Science for the Gardener

Discover how to make a greener more successful garden with a bit of science. 

science talk

– Get to know your plants including prehistoric ones!

– Plants names and family Names

– Reproduction by Division ,Growth and Two Parent Sexual reproduction

– Understanding the soil beneath plants

– Soil Fertilisers pH and soil testing

– Aquaponics non soil gardening

– How climate change is affecting today’s garden

Plant History (2 slides)

There was a lot of interest generated when I started to talk about prehistoric plants.  Plants, as well as animals, were much bigger 200 million years ago.

Identification and Plant Names (8 slides)

Latin, Greek and some Arabic have been used over the centuries by botanists and plant explorers as convenient international botanical language to name plants.  Don’t drive other gardeners mad with your knowledge of botanical Latin, very few will understand you, and many may become irritated!

Most gardeners know their plants by a mixture of common and English botanical names.  Common names vary from one part of the country to another.  Try the fun quiz to see how well you know your plants.

Genus and Species was introduced to the audience as the botanical language used in the plant world, with a number of pictures as examples of different species of the same plant (genus).  Examples of different tree species size were of particular interest.  Gardeners are advised to check on eventual size and rate of growth before making a purchase.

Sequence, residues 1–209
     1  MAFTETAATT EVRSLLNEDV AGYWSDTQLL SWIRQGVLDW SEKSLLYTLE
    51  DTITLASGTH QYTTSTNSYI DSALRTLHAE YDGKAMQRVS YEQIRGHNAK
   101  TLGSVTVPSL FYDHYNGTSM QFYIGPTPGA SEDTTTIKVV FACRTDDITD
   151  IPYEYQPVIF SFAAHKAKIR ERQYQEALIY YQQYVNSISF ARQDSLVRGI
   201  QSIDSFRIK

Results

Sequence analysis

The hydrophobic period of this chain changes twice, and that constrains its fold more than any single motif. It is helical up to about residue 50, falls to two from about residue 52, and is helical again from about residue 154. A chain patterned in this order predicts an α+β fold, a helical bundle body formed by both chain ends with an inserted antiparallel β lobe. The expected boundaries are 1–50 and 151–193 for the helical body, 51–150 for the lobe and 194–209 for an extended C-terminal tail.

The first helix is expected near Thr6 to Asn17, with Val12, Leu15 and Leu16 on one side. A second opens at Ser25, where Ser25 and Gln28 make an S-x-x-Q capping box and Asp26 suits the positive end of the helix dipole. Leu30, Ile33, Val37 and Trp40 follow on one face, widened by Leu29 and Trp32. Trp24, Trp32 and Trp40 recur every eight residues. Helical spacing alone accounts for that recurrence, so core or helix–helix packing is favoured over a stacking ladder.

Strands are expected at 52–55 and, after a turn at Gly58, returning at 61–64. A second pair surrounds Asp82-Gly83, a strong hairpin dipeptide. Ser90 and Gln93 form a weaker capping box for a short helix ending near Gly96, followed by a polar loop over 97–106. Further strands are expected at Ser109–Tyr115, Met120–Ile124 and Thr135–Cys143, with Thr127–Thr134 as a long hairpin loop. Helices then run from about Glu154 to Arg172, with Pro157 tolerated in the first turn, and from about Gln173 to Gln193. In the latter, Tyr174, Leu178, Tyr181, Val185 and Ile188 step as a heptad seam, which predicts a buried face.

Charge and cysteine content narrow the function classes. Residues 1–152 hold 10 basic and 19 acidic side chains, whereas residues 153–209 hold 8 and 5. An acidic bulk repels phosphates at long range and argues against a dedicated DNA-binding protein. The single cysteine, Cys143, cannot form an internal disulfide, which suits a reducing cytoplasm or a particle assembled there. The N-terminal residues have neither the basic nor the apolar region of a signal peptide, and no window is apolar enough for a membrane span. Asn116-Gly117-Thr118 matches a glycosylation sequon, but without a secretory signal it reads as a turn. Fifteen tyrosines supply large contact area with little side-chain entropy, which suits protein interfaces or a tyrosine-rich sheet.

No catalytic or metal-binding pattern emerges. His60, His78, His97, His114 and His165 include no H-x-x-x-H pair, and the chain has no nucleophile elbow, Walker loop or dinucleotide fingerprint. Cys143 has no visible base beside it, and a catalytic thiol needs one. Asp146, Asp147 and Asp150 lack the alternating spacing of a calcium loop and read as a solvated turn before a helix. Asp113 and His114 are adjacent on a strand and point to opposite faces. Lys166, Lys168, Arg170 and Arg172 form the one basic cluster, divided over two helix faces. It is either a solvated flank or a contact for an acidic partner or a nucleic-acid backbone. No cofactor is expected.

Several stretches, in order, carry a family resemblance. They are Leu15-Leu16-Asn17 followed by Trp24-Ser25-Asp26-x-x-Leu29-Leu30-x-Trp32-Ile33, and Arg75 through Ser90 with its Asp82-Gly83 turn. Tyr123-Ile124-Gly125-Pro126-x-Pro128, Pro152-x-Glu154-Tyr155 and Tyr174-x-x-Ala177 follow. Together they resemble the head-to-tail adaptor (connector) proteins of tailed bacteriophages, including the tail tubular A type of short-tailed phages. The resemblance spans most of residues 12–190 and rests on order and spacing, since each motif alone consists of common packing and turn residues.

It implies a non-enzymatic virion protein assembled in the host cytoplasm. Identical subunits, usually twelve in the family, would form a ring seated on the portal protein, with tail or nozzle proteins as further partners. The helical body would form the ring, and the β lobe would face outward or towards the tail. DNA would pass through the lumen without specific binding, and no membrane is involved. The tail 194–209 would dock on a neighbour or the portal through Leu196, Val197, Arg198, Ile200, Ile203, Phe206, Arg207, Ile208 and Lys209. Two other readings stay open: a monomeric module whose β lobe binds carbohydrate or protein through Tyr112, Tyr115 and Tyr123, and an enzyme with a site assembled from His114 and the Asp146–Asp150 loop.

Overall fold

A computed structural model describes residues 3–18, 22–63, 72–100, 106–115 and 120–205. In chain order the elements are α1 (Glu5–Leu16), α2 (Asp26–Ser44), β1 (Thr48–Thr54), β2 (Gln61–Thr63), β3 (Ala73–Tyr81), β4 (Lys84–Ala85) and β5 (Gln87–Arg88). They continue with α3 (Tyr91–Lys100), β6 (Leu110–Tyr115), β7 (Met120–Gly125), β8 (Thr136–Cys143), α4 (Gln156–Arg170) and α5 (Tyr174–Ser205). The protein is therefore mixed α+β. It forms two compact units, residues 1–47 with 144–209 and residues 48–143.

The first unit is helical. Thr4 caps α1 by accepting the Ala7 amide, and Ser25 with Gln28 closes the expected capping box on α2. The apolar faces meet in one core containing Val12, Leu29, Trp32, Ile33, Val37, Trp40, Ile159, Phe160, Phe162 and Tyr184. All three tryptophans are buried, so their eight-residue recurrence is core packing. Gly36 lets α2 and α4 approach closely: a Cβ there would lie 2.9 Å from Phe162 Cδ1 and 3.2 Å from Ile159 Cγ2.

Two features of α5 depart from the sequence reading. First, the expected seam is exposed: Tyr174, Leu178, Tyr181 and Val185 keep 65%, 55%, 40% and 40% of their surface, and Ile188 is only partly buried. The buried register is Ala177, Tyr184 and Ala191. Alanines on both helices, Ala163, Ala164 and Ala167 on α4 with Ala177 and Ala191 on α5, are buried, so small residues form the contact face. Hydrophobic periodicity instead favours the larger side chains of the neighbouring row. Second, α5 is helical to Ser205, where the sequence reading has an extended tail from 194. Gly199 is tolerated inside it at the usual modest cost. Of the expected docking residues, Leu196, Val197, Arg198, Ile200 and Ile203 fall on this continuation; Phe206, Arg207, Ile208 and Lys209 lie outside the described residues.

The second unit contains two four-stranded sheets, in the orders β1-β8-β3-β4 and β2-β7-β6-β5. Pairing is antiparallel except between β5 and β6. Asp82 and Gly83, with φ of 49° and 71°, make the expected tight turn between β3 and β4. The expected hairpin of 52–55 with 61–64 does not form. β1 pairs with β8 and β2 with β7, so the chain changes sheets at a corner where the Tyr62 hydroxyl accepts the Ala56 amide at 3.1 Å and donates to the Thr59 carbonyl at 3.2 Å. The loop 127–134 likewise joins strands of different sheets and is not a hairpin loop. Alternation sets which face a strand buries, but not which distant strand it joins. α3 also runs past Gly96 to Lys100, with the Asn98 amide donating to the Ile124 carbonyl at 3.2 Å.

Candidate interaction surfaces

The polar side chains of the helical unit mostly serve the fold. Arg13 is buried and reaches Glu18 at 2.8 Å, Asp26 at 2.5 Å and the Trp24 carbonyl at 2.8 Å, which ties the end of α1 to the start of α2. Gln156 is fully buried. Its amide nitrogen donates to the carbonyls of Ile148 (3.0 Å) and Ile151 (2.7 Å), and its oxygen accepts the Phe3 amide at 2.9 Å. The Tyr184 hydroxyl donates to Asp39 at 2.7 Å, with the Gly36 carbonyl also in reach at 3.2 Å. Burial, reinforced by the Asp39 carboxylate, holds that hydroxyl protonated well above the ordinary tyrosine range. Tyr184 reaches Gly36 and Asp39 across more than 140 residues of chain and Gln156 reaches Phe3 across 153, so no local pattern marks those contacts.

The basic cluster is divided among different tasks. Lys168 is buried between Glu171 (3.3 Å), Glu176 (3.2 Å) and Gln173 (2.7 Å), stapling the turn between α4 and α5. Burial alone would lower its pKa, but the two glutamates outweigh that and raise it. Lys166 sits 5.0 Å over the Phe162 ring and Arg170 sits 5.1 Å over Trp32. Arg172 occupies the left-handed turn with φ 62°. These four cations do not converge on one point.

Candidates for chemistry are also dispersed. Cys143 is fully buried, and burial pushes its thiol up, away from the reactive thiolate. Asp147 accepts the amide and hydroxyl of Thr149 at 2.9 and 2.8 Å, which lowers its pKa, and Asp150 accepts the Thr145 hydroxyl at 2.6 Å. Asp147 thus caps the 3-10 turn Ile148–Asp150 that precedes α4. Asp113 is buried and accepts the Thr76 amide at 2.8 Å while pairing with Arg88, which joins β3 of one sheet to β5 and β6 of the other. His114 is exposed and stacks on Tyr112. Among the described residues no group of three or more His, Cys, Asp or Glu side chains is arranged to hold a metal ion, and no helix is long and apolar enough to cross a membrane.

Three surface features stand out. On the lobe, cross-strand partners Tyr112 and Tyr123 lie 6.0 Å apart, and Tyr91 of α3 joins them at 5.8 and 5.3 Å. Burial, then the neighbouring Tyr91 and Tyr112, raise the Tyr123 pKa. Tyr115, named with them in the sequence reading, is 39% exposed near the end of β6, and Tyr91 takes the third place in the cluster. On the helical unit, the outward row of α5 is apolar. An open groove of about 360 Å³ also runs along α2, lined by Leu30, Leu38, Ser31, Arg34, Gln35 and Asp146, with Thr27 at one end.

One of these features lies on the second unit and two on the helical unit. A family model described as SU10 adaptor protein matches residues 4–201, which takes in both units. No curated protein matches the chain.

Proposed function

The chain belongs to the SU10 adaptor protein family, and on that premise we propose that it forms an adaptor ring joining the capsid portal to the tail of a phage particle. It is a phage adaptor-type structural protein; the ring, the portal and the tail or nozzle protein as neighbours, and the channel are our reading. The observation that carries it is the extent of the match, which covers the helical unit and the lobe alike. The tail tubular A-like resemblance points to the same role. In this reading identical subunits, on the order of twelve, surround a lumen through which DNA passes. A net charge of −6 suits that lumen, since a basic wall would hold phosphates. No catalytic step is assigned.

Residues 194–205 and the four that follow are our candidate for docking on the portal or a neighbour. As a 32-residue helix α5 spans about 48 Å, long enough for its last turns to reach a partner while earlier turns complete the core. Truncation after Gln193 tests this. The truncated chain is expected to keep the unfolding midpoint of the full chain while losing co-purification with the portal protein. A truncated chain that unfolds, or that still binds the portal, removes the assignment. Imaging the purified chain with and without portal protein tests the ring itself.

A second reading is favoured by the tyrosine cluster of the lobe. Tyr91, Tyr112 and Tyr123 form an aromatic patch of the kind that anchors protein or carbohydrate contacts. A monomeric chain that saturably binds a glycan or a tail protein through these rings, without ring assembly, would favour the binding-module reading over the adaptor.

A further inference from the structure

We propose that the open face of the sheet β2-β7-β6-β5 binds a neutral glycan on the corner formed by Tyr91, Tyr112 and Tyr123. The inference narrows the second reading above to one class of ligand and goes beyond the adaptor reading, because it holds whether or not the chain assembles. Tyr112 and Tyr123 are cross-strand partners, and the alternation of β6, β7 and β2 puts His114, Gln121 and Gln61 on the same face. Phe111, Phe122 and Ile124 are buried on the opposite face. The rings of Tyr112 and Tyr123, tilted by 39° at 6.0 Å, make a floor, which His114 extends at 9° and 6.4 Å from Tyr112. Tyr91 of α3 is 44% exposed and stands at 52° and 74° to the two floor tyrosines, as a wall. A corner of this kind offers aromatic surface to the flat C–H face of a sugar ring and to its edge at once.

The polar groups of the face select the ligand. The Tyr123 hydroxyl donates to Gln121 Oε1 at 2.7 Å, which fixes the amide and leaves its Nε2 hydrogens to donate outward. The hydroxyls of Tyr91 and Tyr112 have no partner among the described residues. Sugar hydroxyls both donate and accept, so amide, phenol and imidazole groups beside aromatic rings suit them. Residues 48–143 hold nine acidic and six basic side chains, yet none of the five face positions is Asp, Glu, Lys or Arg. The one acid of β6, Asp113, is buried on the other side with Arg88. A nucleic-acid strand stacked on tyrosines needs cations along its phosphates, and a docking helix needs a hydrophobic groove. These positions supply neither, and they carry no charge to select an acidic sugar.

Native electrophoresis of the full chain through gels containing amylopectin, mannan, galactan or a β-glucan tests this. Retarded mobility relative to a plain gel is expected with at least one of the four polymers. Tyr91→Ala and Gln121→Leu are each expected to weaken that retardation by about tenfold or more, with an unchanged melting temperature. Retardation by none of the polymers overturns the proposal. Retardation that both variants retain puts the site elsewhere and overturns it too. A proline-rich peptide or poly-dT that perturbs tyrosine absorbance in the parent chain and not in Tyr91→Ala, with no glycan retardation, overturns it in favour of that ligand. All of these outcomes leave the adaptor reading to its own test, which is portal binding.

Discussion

Variations in plant species are covered in a slide with examples that can be found on plant labels, e.g. forma etc.  Separate slides cover hybrids and grafting.

Plant family slides (6 slides) attracted considerable interest with the comparison of some of their main characteristics being a topic for discussion.  Another quiz on plant families keeps the audience focused and guessing.

The section finishes with a third quiz on identifying trees.

Reproduction and Propagation (5 slides)

The slides work together on this related subject from sexual to asexual with emphasis on cell growth.  Plants have a far more varied and interesting sex life than humans, although reproduction by division is not an option that I would envy.

Soil, nutrients and hormones (13 slides)

More ‘down to earth’ discussions come from this subject as many gardeners find it difficult to come to terms with what soil they have underneath and out of sight of their plants.

The slides cover the basic required mixture of a good loam comprising inorganic soil and organic matter that provide moisture retention, the main NPK nutrients, trace elements and hormones.

Aquaponics (1 slide)

A brief illustrated explanation of this more industrial method of growing plants with examples of modern day and future applications attracted considerable interest.

Climate change (1 slide)

How will climate change affect your garden in the future?

This is a good subject for discussion and a chance to pose your own and group questions and answers.  The slide provides the main discussion factors affecting climate change.  A lively discussion and debate inevitably follows with very few of the audience not participating.